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Douglas V. Johnson II

Review of Peter Hart, The Somme: The Darkest Hour on the Western Front. New York: Pegasus Books, 2008. Pp. 589. ISBN 978-1-60598-016-4.

Peter Hart, as a Director at the Imperial War Museum, is well-positioned to write a book about this "battle," among the most infamous in the First World War. He has drawn judiciously on voluminous original materials, including an extensive collection of survivor interviews, to produce a nicely textured, updated analysis of the entire campaign. While most of the text deals with the trials of the soldiers and units at the tactical level, these are tied rather well to the higher direction of the campaign, with concise summations of the strategic necessities the commanders operated under.

As in Martin Middlebrook's First Day on the Somme, 1 July 1916,[1] the model for the present book, Hart begins with stage-setting and follows each separate event or episode based on participants' testimony. Mercifully, the substantial selections are always apt.[2] The opening day of the operation takes 210 pages. The steady repetition of the same tale--moving up, waiting in awe for the bombardment to finish, forming up and walking across no-man's-land until machine-gunned or killed by artillery fire--loses its initial impact after a while. If Hart intended that effect, he succeeded. The pattern continues throughout the book, but the following days and months do indeed change in particulars, offering welcome relief and expanding our understanding of the reasoning of the leaders and the limitations they faced.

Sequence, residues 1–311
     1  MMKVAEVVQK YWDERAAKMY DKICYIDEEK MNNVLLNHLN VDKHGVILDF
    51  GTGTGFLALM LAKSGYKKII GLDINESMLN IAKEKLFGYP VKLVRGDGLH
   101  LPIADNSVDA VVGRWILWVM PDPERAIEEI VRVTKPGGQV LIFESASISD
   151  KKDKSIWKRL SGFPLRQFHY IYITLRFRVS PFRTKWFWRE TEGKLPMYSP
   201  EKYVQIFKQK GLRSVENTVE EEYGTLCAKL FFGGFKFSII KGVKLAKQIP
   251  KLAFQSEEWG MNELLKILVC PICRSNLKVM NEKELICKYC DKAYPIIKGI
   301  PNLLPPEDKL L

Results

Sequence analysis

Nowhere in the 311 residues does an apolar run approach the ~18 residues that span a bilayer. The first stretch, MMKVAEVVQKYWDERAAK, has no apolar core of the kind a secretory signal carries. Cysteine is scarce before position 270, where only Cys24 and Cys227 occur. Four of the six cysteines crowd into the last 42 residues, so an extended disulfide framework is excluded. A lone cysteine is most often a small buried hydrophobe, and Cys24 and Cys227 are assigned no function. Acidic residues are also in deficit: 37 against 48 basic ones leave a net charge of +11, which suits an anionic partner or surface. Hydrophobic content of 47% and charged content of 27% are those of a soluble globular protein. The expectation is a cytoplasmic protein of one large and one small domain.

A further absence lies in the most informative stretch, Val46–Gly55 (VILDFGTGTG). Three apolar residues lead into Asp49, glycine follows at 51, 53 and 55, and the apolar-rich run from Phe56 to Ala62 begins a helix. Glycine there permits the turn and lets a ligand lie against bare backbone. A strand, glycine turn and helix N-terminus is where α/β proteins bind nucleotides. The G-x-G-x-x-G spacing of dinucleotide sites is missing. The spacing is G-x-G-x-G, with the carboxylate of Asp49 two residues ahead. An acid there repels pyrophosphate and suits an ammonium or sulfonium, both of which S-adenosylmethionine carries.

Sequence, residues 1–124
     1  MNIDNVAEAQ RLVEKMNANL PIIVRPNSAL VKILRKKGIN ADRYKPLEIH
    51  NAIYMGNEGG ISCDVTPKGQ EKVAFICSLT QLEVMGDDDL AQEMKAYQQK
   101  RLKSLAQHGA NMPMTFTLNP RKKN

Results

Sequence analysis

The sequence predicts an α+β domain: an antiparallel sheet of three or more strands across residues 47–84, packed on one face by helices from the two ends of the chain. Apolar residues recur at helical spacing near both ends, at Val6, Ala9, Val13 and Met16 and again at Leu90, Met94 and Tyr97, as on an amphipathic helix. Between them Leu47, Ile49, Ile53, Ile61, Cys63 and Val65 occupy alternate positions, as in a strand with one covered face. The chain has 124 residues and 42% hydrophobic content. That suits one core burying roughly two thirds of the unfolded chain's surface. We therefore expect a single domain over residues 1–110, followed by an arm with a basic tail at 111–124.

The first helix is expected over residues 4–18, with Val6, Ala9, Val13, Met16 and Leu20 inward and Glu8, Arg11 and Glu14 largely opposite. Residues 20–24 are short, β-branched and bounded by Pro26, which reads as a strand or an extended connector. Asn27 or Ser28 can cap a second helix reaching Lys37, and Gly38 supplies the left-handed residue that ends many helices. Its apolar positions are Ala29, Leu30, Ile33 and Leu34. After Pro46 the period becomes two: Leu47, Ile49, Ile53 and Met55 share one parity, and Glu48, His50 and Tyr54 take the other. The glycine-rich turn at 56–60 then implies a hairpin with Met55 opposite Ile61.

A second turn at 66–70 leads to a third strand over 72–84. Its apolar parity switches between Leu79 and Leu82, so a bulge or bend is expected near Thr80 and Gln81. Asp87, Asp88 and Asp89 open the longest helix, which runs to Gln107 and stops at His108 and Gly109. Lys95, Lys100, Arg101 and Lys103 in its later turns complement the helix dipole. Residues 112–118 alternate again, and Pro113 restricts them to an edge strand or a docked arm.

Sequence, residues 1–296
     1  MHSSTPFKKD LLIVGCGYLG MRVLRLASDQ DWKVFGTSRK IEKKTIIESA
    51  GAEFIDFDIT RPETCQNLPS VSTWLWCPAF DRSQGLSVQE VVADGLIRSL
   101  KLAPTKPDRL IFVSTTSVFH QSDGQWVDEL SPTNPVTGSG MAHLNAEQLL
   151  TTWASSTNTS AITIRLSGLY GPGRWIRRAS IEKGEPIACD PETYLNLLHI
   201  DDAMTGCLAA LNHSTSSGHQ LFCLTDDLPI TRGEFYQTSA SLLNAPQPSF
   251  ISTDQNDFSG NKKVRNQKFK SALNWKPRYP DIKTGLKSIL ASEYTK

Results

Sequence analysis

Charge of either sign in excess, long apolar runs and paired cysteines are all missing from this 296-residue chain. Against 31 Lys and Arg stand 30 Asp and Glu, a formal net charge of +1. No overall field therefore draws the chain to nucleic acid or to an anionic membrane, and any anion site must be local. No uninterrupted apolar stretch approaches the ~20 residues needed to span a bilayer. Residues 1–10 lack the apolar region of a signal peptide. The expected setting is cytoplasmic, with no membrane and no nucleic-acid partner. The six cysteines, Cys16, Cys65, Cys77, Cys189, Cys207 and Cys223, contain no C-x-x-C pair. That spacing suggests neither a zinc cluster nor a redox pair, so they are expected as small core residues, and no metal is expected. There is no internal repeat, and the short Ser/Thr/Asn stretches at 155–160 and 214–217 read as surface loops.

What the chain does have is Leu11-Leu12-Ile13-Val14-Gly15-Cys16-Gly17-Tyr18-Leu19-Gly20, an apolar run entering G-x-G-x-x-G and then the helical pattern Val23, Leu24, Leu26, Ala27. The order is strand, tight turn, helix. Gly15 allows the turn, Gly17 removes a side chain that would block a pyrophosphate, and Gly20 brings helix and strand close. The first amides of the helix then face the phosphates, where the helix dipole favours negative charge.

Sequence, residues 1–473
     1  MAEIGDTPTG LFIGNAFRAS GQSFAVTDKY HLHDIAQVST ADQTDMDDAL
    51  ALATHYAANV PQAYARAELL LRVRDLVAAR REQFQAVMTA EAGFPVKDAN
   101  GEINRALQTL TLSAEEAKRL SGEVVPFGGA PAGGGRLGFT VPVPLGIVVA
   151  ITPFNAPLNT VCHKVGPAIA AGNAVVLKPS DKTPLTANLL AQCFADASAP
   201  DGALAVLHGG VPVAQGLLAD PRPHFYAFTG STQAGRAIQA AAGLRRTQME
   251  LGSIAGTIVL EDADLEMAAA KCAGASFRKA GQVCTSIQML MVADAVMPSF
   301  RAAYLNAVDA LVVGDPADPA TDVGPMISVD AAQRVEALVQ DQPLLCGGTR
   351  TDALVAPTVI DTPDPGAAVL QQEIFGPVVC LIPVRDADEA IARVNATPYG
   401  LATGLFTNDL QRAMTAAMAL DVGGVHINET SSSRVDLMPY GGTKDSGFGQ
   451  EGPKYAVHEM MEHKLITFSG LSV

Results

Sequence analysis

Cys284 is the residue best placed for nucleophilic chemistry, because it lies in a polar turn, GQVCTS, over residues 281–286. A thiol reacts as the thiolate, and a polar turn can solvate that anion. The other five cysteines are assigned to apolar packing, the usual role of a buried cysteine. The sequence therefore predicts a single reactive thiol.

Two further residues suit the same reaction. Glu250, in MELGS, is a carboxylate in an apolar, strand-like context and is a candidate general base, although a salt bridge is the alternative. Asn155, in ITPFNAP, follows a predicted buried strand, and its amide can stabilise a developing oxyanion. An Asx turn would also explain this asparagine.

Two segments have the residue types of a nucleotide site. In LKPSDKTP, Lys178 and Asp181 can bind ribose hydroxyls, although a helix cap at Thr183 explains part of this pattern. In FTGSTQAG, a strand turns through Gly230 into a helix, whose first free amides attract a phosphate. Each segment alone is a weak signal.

Hart carefully details site selection and preparation for the battle--campaign, really--and its supporting infrastructure. The latter comprised the stocking of ammunition, building firing positions in an essentially open plain, digging wells to water the principal motive power of horses, metaling farm roads built to handle nothing larger than wagons, and extensive mining activities.

Hart's major contribution, however, is the extension of the narrative and testimony beyond the first day. In particular, he demonstrates the learning that took place within the British Army and the adaptation of tactics to the palpable realities facing the soldiers. For example, the Battle of Morval, beginning 25 September, was designed to be "a real 'bite and hold' affair, with objectives limited to the new German front-line system and a total advance of just 1,200-1,500 yards" (412). The advance would remain well within range of the British field artillery, which would not need to be displaced forward, wasting precious time setting up for a renewed advance. Further, most importantly, counter-battery practices had been refined and augmented to have significantly greater effect since the opening phase in July. Tank operations, Hart notes, were "more sensibly integrated into the attack plan," and had "at a stroke ... been placed in their proper context ... [as] a potentially useful adjunct to the deadly combination of infantry and artillery" (412).